09 Mar 2016

How to make a music video in zero-G

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Filming in 27 second slices of weightlessness... Filming in 27 second slices of weightlessness... OK Go

The weight is over for the latest effort from OK Go, famed purveyors of mindbending, achingly choreographed and sometimes groundbreaking music videos.

Although never a household name, Chicago’s OK GO are widely credited with helping to popularise the viral spread of music videos across the Internet over the last decade. This they’ve achieved with a range of ambitious filmmaking techniques, ranging from incident-packed single-shots and clever choreographing through to frame-stacked green screen composites and paint-splattered Rube Goldberg machinations.

For their first release in 2016, the band has not so much broken ground once again as parted with it entirely. Directed by band leader Damian Kulash and his sister Trish Sie (a choreographer and regular band video collaborator), the video for ‘Upside Down & Inside Out’ sees the quartet spend the duration of the video in zero gravity - while once again indulging in their passion for choreographed moves, bright colours and paint explosions.

The video was created with the help of Russian airline S7, which provided access to a military aircraft (kitted out to look like a passenger jet) capable of performing a parabolic manoeuvre that would provide 27 seconds of weightlessness each time. Months of planning were followed by a total of 21 flights. Director of photography, Evgeniy Ermolenko, developed a custom rig to wedge between the floor and ceiling of the aircraft (to keep it secure in both zero and double gravity), while the difficulties of bringing any kind of generator onboard made it necessary to power the camera using the plane’s own battery power.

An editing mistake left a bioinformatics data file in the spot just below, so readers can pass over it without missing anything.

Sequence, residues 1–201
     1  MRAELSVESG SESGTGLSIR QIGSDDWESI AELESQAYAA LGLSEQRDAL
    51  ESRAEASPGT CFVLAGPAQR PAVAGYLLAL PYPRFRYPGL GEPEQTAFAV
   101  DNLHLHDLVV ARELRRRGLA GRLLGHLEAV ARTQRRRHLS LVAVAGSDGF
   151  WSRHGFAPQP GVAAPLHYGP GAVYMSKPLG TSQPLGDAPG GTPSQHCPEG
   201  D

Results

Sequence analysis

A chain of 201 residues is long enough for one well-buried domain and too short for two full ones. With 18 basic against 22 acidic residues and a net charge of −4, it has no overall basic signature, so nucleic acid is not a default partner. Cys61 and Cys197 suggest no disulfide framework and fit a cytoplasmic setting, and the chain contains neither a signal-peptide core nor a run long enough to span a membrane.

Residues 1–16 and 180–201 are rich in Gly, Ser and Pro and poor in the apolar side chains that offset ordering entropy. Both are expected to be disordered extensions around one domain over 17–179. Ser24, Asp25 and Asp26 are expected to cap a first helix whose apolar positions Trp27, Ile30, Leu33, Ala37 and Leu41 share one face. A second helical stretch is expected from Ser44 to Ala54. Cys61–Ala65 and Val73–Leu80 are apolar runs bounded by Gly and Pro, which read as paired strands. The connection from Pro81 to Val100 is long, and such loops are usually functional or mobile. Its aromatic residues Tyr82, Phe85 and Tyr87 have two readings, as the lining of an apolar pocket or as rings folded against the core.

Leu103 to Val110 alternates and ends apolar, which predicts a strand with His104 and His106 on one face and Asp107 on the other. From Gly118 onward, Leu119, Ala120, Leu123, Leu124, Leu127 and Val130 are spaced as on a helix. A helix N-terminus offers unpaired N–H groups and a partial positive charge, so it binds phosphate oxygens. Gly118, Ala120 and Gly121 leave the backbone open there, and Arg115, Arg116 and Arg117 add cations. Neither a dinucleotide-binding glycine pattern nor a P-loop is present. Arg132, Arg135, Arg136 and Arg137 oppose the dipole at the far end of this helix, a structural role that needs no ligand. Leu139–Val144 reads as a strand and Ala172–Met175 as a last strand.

Though the video appears, like several previous OK Go videos, to have been shot in a single take, this time around the effect was achieved using eight sequences from around 45 minutes of footage in total. Painstaking scene setup and post production morphs between transitions completed the illusion. (Even so, eagle-eyed viewers should be able to spot 7 key points where gravity visibly starts to return). The final piece of the puzzle involved filming and miming to a playback of the song at slower-than-normal speed, in order to compensate for the slow-motion feel of zero-G action. The footage was then sped up by almost 29 percent to bring the song back to normal speed.

And yes, the project involved onboard vomiting from the crew. 58 times, to be exact.

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Mark Ramshaw

Mark has been pushing pixels for 34 years in one form or another. He started out as a games programmer and computer book author, before going on to edit and write for a wide range of film, technology, arts and music magazines - interviewing everyone from Ray Harryhausen and H.R. Giger to Gareth Edwards and Terry Gilliam along the way.

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